If you drive without stopping, then it will take just over 2½ hours. However, during holiday season, this can all change. However, if you were to stop at Wattamola, Bald Hill, Sea Cliff Bridge and some of the Wollongong beaches. It alone can take more than 4 hours. If you continue along heading east of Lake Illawarra, and stop at Kiama, Gerringong and Geroa and the Shoalhaven River, it may take 3 hours alone and the whole day to do explore everything.

Get around[edit]

There are several modes of travel that are used on the Grand Pacific Drive.

By bus or train[edit]

Most of this route is not covered by buses or trains. Buses do operate through Wollongong, but apart from that, it isn't really possible, especially in the Royal National Park.

By car[edit]

See Driving in Australia

Some spur sections of the Royal National Park are unpaved. In some parts, it can also be a motorway standard road, especially from Shellharbour to Gerringong.

By bike[edit]

This route is one of the most bike-friendly routes in New South Wales. In some parts, bikes have a shared path along with pedestrians especially in Wollongong and Kiama. The only places where cyclists have to dismount are in some steep parts of Lawrence Hargrave Drive.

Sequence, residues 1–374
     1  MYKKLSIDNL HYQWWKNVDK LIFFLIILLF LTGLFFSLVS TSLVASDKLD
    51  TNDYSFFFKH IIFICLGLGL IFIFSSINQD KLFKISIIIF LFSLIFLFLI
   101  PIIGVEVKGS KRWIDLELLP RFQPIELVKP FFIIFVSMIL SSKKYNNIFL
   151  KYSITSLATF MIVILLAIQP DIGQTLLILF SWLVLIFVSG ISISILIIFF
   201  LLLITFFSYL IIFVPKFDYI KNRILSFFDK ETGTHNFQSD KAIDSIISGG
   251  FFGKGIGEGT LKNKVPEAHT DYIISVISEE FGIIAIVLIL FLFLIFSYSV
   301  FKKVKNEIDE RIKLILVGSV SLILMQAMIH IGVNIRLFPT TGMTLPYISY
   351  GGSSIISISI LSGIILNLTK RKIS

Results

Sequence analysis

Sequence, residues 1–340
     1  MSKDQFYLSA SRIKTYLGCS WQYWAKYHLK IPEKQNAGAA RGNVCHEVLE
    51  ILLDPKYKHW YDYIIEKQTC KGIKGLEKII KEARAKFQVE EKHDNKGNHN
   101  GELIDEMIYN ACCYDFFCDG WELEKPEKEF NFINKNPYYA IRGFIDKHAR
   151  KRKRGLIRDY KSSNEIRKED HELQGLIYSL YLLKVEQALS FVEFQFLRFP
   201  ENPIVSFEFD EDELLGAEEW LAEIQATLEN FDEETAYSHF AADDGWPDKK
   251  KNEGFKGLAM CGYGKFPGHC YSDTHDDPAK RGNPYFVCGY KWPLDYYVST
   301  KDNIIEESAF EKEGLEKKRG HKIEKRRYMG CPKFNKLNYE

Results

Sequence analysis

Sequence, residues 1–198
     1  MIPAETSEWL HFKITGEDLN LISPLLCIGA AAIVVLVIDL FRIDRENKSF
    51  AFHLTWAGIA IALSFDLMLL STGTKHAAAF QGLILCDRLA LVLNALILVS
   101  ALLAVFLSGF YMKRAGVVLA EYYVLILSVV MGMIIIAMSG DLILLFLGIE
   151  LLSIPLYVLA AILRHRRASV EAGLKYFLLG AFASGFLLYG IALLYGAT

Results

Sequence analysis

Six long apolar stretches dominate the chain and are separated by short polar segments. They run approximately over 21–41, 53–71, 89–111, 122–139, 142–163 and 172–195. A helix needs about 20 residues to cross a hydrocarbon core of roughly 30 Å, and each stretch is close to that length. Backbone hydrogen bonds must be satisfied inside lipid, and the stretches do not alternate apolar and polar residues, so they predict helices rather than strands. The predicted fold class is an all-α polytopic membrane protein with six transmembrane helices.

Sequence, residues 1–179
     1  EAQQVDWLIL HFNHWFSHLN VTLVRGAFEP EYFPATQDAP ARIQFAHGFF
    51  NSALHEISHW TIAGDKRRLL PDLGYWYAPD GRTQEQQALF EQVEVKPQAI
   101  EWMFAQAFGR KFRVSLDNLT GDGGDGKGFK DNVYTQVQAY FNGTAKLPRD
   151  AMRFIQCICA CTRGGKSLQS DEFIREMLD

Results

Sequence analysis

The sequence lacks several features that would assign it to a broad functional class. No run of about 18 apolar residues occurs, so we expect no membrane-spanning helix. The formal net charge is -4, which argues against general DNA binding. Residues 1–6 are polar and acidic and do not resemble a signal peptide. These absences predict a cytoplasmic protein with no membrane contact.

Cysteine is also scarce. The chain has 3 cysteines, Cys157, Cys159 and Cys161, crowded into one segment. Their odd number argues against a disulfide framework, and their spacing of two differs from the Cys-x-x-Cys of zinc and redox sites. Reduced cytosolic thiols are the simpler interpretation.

While not its part of the itinerary, most people will start from Sydney and head south for around 45 minutes.

  • 1 Royal National Park. Begin your journey from Australia's oldest national park. Royal National Park (Q113523) on Wikidata Royal National Park on Wikipedia
  • 2 Wollongong. Explore some of the divine beaches here. Wollongong (Q187861) on Wikidata Wollongong on Wikipedia
  • 3 Shellharbour. Experience one of the Southern parts of Wollongong and do some surfing. Shellharbour (Q530368) on Wikidata Shellharbour, New South Wales on Wikipedia
  • 4 Kiama. Stay back to see both the blowholes in action. Kiama (Q1740762) on Wikidata Kiama, New South Wales on Wikipedia
  • 5 Jervis Bay. See one of the whitest beaches in the world. Jervis Bay (Q764506) on Wikidata Jervis Bay on Wikipedia

Royal National Park to Wollongong (Thirroul)[edit]

  • Distance: 52km
  • Time taken: 54 mins no stops, no traffic.
  • Routes taken: Farnell Ave, Sir Bertram Stevens Drive, Lady Wakehurst Drive, Lawrence Hargrave Drive